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Reason

Reason July 2020

Reason is the monthly print magazine of "free minds and free markets." It covers politics, culture, and ideas through a provocative mix of news, analysis, commentary, and reviews. Reason provides a refreshing alternative to right-wing and left-wing opinion magazines by making a principled case for liberty and individual choice in all areas of human activity.

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United States
Idioma:
English
Editor:
Reason Magazine
Periodicitat:
Monthly
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4 min.
what 9/11 and the financial crisis teach us about covid-19

AFTER SEPTEMBER 11, 2001, huge swaths of the federal government reorganized around the idea of fighting terrorism. The Transportation Security Administration (TSA) became a maximally intrusive and minimally effective part of every traveler’s life. The FBI, which had failed to connect the dots on the 9/11 plot, received billions more in funding. The Department of Homeland Security, a shiny new Cabinetlevel bureaucracy with an Orwellian name, grew at a rate that would make Clifford the Big Red Dog turn green with envy. The PATRIOT Act whisked away Americans’ privacy, and the Authorization for Use of Military Force plunged the nation into a new type of endless war. The security state that had been unable to prevent a terror attack on American soil was showered with gross sums of money and…

2 min.
california nimbys aren’t letting the covid-19 crisis go to waste

IN APRIL, THE rule-making body that oversees California’s courts issued emergency rules for the COVID-19 pandemic that included a blanket extension of deadlines for filing civil actions until 90 days after the current state of emergency ends. For housing construction, alas, this new and longer statute of limitations applies to lawsuits filed under the California Environmental Quality Act (CEQA). CEQA requires local governments to study proposed development projects for potentially significant environmental impacts. It also gives third parties the power to sue the government for approving a construction project if they feel that a particular environmental impact wasn’t looked at carefully enough. The law has become a favorite tool of NIMBY (“not in my backyard”) interests to delay unwanted developments or to extract concessions from developers. Anti-gentrification activists use CEQA to…

6 min.
india’s new nationalism, and ours

PRESIDENT DONALD TRUMP’S “America First” agenda has reignited conservatives’ love affair with nationalism, with National Review’s Rich Lowry (a onetime NeverTrumper) and Israeli political theorist Yoram Hazony publishing books in the last few years arguing that America needs a nationalist revival to rebuild fraying social cohesion. The truth is the opposite: Cultural nationalism will dissolve the glue that binds Americans—namely, their commitment to the founding principles of equality, individual rights, and human dignity. When I came to America 30 years ago, it was obvious to me—as it was to French philosopher Alexis de Tocqueville 200 years earlier—that Americans not only love but also like their country. American patriotism, Tocqueville observed, is very different from the Old World variety that regarded the nation as the father and citizens as his offspring. Americans see…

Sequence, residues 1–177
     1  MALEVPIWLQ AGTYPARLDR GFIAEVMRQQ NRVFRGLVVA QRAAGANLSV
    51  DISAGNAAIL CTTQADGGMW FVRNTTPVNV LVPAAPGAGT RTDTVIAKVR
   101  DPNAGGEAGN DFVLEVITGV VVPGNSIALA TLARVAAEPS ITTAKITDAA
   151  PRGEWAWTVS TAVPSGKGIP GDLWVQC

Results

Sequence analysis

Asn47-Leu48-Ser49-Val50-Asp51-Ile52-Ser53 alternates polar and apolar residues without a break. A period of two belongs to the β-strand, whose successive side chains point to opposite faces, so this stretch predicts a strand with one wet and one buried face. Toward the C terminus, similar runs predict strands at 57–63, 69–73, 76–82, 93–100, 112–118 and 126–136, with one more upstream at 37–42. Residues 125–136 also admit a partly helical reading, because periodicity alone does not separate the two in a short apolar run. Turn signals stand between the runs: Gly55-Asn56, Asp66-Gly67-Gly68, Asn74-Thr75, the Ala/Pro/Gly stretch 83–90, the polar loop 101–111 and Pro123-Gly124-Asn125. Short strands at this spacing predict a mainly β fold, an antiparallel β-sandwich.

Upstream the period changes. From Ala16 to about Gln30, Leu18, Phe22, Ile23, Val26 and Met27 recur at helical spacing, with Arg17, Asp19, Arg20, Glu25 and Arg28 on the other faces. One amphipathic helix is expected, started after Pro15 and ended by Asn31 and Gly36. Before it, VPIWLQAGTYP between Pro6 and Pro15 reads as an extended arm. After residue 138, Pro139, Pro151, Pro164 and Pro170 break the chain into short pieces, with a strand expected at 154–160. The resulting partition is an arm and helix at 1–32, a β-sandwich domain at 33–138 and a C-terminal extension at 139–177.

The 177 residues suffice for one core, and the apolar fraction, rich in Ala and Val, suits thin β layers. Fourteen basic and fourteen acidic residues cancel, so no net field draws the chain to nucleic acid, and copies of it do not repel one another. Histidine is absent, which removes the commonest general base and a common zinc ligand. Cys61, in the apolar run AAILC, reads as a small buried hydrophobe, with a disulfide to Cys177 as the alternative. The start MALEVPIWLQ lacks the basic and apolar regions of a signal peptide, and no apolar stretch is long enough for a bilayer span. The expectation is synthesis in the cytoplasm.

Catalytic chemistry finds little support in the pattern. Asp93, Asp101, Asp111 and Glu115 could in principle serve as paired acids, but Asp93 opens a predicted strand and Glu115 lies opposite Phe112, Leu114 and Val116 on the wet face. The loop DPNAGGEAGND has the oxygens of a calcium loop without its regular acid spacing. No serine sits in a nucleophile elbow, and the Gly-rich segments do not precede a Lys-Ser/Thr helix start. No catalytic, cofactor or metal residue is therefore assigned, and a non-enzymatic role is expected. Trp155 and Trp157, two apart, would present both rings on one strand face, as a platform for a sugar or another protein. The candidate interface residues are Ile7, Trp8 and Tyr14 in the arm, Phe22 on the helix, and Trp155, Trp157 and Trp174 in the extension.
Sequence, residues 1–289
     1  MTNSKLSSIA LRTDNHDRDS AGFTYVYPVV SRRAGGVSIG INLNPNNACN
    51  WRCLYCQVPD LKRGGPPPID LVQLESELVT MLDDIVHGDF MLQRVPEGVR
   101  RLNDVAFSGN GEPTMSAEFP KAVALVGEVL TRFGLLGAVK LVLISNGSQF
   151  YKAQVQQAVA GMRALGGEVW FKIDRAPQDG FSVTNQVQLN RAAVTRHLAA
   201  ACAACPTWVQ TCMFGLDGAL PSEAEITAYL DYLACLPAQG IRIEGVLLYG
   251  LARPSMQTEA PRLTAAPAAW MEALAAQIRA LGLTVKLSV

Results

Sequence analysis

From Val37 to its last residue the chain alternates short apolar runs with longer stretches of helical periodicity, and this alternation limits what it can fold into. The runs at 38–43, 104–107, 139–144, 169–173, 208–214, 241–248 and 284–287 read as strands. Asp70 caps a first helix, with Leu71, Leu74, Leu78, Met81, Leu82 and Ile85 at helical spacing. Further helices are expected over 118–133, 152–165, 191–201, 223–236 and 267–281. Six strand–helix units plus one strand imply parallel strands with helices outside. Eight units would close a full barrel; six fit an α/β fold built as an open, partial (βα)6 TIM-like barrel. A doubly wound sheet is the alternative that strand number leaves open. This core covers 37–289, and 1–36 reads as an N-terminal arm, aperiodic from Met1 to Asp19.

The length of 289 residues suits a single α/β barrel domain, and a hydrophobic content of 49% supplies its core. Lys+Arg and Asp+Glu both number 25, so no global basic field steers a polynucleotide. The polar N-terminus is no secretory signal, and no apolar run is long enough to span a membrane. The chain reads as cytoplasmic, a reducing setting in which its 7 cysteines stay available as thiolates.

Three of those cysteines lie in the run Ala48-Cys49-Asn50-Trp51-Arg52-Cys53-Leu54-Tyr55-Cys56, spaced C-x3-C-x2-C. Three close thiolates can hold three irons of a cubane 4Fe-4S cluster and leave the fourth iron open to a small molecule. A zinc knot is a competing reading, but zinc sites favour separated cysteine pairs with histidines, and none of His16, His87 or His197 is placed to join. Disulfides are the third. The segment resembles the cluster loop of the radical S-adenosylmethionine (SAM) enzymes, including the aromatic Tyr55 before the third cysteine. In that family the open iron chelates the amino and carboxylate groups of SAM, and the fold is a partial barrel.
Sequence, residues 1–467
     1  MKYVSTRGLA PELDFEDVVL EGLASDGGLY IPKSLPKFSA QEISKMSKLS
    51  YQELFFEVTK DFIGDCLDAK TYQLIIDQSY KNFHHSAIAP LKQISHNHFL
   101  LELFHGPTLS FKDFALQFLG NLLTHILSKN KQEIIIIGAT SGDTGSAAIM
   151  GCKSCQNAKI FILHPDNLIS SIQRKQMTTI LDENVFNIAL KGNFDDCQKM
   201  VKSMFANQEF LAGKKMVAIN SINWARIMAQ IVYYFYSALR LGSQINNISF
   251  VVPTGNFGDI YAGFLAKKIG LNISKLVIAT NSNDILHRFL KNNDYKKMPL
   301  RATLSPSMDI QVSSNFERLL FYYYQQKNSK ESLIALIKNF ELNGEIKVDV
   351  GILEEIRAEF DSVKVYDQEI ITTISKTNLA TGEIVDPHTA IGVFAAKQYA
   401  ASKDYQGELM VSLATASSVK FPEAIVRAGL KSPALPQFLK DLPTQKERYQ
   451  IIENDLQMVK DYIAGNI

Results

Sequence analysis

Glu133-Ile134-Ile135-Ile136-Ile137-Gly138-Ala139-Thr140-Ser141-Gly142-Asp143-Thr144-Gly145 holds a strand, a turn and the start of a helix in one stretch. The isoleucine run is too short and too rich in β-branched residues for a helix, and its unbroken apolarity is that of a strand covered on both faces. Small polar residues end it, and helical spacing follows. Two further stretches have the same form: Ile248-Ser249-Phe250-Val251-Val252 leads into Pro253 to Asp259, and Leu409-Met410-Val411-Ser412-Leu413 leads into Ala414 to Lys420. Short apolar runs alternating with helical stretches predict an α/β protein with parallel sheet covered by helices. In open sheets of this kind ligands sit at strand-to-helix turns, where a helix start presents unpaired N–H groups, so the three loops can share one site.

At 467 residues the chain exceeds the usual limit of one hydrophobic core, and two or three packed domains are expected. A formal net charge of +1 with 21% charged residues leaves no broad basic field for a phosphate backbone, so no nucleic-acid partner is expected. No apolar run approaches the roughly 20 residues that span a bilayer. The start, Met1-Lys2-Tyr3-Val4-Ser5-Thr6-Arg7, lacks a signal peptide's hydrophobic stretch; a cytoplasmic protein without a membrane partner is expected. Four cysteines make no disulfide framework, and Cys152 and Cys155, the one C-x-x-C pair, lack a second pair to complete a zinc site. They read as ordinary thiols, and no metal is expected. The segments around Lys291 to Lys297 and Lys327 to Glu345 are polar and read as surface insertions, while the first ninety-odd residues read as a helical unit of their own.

2 min.
trump’s bump stock ban is under fire from his own judicial appointees

AFTER 2017’S MASS shooting in Las Vegas, President Donald Trump vowed to ban bump stocks, a type of firearm accessory that the shooter reportedly used. “We can do that with an executive order,” Trump declared. “They’re working on it right now, the lawyers.” The lawyers at the Department of Justice (DOJ) came up with a new Bureau of Alcohol, Tobacco, Firearms and Explosives regulation “to clarify that [bump stocks] are ‘machineguns’ as defined by the National Firearms Act of 1934 and the Gun Control Act of 1968” because “such devices allow a shooter of a semiautomatic firearm to initiate a continuous firing cycle with a single pull of the trigger.” The federal ban on machine guns, in other words, would be interpreted by the Trump administration to ban bump stocks too. That…

2 min.
white house (sort of) admits tariffs are paid by americans

IT TOOK A pandemic for the White House to admit a basic economic reality: Tariffs on goods imported into the United States are paid by Americans. That’s something that pretty much everyone outside of President Donald Trump and White House trade adviser Peter Navarro already knew. But for nearly two years—ever since Trump launched his trade wars in March 2018—the president and his defenders have stubbornly claimed, contra both theory and evidence, that the duties are absorbed by China and other exporters. Despite that insistence, Trump on April 18 signed an executive order that will grant some American businesses a three-month deferral on paying tariffs. This will provide some “payment flexibility” for American importers facing “significant financial hardship” due to the COVID-19 outbreak and an ongoing economic shutdown, the administration said. In…

4 min.
pollyanna was not a pollyanna

POLLYANNA GETS A bad rap. Even Mary Pickford, the silent movie star who bought the rights to the 1913 bestseller about an uber-optimistic orphan, was said to detest the girl and story. That’s according to John Tierney and Roy F. Baumeister, whose new book, The Power of Bad: How the Negativity Effect Rules Us and How We Can Rule It (Penguin Press), highlights the million ways our brains—and the media—focus on the bad and discount the good. And yet Eleanor H. Porter’s Pollyanna was such a phenom that Pickford gritted her teeth, cast herself as the 11-year-old heroine (Pickford was 27), and earned herself both a defining role and a gross of over $1 million in 1920. That’s a happy ending! When Hayley Mills played Pollyanna in the 1960 Disney remake,…